pulls good shots
times shots for high standards
pumps liquid sugar into cups
steams milk to satisfy requests (absolutely no foam, light foam, shaving-cream foam, dry cappuccino foam, bone-dry cappuccino foam)
connects with the customers
rinses shot glasses
fills the bean hoppers
continually re-adjusts the burr grinder to maintain perfect shots
keeps everything clean and shiny
re-stocks the refrigerators
keeps the queue of drinks marching forward
calls back drink orders
works both the hot bar and the cold bar
draws a cute smiley-face on certain cups
asks about the family to the customers they know well
smiles at you when s/he hands off your drink
. . . and I know that there are many other things . . .
This is a heck of a lot plates to keep spinning — all while maintaining a pleasant demeanor. Now that I, Boots the Badass Coffee Babe, am back in town, I want to give a big shout-out to all of you baristas who work so hard to perfect your craft and to serve us fabulous beverages that many of us could never dream of making at home.
Just saying! It makes me think of when I was young, pretty impressionable, flat broke, and just starting to work for someone who was eking out an existence on a history-laden homestead that he had inherited from someone who was as old as dirt. The history of the place was pretty amazing and this old guy certainly knew it. He was cocky and demanding and expected me to be his personal barista. Well, I tamed that idea right out of him.
Sure, I was willing to haul the water from the lake and start the fire in the cookstove. And I was even willing to grab a mug from the cupboard and set it to warm on the warming trivet. But make the coffee? Nuh-uh. I knew that once I got roped into that lasso, I was going to be on call every morning at oh-dark-thirty to meet this buckaroo’s caffeine demands.
It’s weird to think that I wasn’t a coffee drinker yet. I opted for healthful options that involved herbs and botanicals that now don’t even smell that good if I now catch a whiff of them brewing. And this old-timer used the strangest contraption for making coffee. He said it operated on a vacuum system that involved some elaborate siphoning. He expected me to learn how to use it and produce damned-good coffee, but I feigned ignorance (which was genuine) and confounded his expectations by making the very worst coffee (which was a ruse — I was smart enough to figure it out) that he swore — and I mean swore [#@$&*$$@!] had ever had the first day on the job. I’ll give it up for the guy for having a colorful vocabulary.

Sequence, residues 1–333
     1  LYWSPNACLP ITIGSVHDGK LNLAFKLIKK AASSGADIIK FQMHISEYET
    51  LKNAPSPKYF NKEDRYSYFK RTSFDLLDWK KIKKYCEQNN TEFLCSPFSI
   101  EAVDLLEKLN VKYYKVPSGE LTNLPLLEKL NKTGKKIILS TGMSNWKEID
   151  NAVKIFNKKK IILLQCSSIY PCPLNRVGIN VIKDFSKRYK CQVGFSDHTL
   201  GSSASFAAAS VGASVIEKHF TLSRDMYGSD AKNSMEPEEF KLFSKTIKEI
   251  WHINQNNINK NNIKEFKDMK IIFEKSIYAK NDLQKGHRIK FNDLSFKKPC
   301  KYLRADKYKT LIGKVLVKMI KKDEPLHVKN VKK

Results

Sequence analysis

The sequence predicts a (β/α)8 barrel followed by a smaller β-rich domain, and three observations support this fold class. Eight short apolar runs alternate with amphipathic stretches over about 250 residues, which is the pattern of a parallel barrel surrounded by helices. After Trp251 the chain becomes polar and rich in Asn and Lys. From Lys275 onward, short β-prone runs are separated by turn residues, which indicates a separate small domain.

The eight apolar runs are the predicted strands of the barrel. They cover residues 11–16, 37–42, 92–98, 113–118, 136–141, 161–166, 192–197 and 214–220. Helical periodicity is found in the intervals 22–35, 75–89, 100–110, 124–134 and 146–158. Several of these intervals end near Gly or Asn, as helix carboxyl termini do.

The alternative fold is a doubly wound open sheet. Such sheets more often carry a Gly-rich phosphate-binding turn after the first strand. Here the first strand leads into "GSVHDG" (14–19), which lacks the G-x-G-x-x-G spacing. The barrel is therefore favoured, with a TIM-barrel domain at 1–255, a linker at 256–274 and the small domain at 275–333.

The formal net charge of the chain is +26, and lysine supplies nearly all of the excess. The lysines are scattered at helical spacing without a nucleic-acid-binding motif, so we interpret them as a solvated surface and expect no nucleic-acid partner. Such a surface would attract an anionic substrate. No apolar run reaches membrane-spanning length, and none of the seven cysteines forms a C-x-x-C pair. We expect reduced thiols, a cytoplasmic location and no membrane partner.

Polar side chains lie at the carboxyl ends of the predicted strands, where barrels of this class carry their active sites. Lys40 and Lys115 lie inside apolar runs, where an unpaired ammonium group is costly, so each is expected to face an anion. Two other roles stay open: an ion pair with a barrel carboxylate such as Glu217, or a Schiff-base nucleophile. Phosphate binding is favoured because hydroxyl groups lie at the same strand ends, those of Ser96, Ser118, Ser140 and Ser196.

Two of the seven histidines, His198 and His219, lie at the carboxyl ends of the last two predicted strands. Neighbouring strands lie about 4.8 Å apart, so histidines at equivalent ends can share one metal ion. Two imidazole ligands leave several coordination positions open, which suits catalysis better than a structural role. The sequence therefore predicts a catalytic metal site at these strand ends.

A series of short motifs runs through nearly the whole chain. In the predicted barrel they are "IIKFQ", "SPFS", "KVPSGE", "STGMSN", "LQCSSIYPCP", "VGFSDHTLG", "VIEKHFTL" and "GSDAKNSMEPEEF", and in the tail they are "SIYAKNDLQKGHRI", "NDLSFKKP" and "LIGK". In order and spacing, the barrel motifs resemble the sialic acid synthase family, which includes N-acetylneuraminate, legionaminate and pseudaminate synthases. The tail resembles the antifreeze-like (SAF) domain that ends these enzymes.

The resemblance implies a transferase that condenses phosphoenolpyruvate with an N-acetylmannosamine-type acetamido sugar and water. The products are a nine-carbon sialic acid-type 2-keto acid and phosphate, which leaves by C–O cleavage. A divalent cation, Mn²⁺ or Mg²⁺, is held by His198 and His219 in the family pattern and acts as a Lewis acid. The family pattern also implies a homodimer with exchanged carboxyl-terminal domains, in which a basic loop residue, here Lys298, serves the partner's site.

I would call this a Big Life Lesson: There are benefits to Being Inadequate . . . this becoming a carefully-executed skill set of feigned ignorance that I happily applied to other areas of my professional life such as how to un-clog the paper in the copier machine on campus, how to clean the yuck out of the microwave in the break room, and how to sharpen a chain saw. Some things are simply better left to those who feel more inclined toward responsibility. And to showing others their higher state of abilities. Thank God for different personality types is all that I am saying.
You’ve got to check out this old timer’s crazy way to make coffee below. This gentleman’s contraption looked more Frankenstein-ian than this modern and sleek version, but it is the very same concept. Who would have thought that you could extract coffee via a siphon? Weird, right? Go to Amazon by clicking on the images/links below:
AND . . . tip your barista. As Niccolo pointed out, they are under-paid and under-tipped. Your barista is partly responsible for your morning happiness . . . why not reciprocate with at least a very nice smile and a “Good job!”
Oh, and one more thing. I am so excited to be back, I can’t stop adding coffee stuff!
Check out this new organic, Arabica coffee I found on Amazon. I am going to try it out! The name alone sells me — Happy Belly — let alone that it is organic, sustainably sourced and Fairtrade!
Happy Belly makes artisan, small batch roasted blends like those found at your favorite neighborhood coffee shop, conveniently delivered to your doorstep. From growing and harvesting to roasting and packaging, ensuring our coffee’s freshness and flavor is our main focus.
Life is a darn good event. Have fun, drink coffee, and tip your barista!!
Camp coffee . . . camp toast! Camp toast is so much fun, I could write an ode to camp toast . . . although I don’t think I could write a more beautiful ode than OK Go’s “Last Leaf” video (below). This is such a beautiful song and their creative and fanciful and artistic use of toast is nothing short of exquisite. Please, do watch it. The melody, like a good cup of Joe, will stay with you throughout the day in a good way.
Camp toast. It’s like comfort food on the trail and so simple to make. Add some almond butter and slice some fruit on top of it all, and you have yourself a very hearty breakfast that delivers good hearty nutrition with minimal time expenditure.
When I think of Camp Toast, I think of a buckaroo named Bill. Bill was a Late Hire on our Whip-It Crew. Being on a Whip-It Crew involved going into a post-logged slash area and cutting out all of the little saplings and shrubs that were sprouting up, prior to re-planting. I am sure that there is someone out there who is going to say that there is no such thing as a Whip-It Crew . . . It doesn’t sound very woodsy-technical, I will agree — so I just want provide the caveat that this is what we called our crew for that and subsequent contracts involving the removal of adverse vegetation in a slash area.